An Antebellum Classic: Watch the Mississippi River Float By at The Briars

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Built in 1818, this classic antebellum home in Natchez, MS, is the perfect setting for lazy Sunday afternoons spent sipping mint juleps on the porch and watching ships cruise by on the Mississippi River.

Listed for just under $2 million, The Briars spans 10,000 square feet and has seven bedrooms. And a schoolhouse.

The main residence is an example of Southern grandeur, with an 80-foot covered porch set behind large columns.

The home's interior appears to be a step back in time, as each room offers a glimpse of centuries past. The large parlor has twin staircases, 19th-century chandeliers, and a row of archways that lend a sense of opulence.

In the formal dining room, the wainscoting provides visual balance to the floral wallpaper. There's also a wood-burning fireplace and an antique chandelier.

The home has been modernized a bit, but nothing feels out of touch with the home's history. The back of the home, which originally had plantation shutters, is now enclosed in glass. Two large rooms were added to provide more living space.

"It is a great example of adaptive reuse," says listing agent Ernesto Caldeira. "The designers did a terrific job."

Outside, the home has manicured gardens and pathways, kept cool by large oak trees. Not far from the main house is a quaint, 1800s schoolhouse.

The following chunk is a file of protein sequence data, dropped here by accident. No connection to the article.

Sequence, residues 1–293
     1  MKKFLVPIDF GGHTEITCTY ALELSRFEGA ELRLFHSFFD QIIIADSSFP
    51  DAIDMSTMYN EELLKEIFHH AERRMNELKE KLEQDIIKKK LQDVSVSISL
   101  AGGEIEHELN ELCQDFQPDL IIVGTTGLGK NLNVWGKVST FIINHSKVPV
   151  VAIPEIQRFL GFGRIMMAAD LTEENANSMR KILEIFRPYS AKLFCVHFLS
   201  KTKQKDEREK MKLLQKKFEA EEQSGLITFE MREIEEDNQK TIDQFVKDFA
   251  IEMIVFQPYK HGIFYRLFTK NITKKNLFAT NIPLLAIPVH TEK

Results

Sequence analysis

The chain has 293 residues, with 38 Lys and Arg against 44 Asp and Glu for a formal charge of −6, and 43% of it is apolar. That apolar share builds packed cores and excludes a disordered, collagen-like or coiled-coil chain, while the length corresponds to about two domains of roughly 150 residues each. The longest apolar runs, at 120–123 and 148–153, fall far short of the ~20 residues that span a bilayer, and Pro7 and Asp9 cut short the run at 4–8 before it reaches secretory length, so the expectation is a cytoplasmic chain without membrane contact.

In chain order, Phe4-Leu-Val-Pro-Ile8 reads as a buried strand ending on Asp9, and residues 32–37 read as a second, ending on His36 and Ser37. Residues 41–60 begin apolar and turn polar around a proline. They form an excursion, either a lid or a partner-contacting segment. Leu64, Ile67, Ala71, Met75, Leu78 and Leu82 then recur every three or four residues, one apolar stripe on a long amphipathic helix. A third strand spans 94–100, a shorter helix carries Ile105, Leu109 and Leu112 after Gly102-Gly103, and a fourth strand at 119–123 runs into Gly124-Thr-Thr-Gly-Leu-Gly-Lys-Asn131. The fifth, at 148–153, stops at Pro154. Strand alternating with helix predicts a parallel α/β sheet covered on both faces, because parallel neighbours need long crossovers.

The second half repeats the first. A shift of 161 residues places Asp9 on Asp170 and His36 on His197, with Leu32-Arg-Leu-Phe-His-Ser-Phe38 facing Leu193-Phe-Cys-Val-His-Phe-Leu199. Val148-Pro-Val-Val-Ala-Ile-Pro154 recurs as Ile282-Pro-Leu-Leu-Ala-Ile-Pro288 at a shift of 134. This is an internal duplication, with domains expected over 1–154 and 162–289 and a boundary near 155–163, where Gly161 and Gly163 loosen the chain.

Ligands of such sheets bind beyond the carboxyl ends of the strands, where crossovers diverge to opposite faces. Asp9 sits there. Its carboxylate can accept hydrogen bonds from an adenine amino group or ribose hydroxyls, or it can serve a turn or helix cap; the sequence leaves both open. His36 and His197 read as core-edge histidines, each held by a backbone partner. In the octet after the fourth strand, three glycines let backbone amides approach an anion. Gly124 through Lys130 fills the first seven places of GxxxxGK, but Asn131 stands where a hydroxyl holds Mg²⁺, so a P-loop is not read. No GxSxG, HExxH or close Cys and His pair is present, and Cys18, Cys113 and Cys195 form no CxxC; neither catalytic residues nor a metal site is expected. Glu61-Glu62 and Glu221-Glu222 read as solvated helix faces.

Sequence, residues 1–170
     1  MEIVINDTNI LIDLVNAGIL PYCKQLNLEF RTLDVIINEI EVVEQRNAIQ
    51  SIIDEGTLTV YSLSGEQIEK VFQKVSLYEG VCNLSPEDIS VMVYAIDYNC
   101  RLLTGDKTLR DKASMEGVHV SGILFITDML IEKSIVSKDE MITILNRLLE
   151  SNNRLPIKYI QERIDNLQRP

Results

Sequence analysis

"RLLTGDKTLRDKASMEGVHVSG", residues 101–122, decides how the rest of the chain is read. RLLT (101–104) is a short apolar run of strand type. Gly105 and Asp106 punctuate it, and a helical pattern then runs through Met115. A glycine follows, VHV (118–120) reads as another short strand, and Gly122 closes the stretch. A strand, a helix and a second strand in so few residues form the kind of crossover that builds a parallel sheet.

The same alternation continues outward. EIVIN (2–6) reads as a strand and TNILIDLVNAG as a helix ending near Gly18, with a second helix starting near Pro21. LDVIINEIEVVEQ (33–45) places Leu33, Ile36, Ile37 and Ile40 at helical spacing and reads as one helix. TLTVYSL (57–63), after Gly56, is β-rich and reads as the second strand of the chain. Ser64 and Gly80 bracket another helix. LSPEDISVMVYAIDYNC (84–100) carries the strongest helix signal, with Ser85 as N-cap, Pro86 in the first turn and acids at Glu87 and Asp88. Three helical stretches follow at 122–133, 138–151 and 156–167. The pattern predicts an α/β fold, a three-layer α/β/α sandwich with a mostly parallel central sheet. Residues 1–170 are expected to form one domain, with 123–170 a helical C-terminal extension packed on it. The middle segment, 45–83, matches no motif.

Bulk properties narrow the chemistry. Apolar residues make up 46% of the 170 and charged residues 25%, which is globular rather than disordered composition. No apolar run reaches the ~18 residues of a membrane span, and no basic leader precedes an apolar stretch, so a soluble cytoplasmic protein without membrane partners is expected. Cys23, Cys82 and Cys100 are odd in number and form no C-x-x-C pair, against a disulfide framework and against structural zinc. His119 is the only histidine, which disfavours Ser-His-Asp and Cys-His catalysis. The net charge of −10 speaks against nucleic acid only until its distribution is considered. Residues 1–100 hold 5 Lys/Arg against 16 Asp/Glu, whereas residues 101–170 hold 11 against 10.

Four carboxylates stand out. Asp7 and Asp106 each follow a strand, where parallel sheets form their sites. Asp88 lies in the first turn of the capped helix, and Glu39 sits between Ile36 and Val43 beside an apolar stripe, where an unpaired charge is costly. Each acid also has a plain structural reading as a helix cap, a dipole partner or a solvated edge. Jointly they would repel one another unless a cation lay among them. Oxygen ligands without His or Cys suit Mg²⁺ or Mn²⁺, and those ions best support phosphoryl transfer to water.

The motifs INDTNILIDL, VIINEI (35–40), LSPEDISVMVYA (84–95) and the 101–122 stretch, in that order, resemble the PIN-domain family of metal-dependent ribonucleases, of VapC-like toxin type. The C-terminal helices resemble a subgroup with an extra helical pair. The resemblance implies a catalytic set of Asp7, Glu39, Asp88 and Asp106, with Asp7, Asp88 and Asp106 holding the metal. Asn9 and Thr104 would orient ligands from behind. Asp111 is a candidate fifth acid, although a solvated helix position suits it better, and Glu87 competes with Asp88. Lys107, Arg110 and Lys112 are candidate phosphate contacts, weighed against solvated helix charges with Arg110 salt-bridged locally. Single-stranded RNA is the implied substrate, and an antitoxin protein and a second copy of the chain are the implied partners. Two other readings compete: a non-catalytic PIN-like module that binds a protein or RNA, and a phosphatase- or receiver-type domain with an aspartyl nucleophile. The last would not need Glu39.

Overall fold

"It is said to contain antique wood floors and beams recycled from flatboats that arrived in Natchez in the 18th century," says Caldeira. Today, the one-room building has been converted into a bedroom.

And the home has something that many other Southern plantations can't claim: a view. "There are very few houses on the Mississippi where you can actually see the river. The Briars has a perfect view from the porch," says Caldeira.

The home also has ties to historical figures in the South.

"Originally, the Howell family, a prominent family with ties to the South, were living at The Briars. It was there, in 1845, where Jefferson Davis married Varina Howell," says Caldeira.

The home is listed on the National Register of Historic Places and has been part of the Natchez Pilgrimage Garden Club tour for decades.

Currently, the home is a bed-and-breakfast and wedding venue. It could easily be converted into a private residence again.

"The house has been pretty lucky. All the way along it has been lived in and cared for," says Caldeira.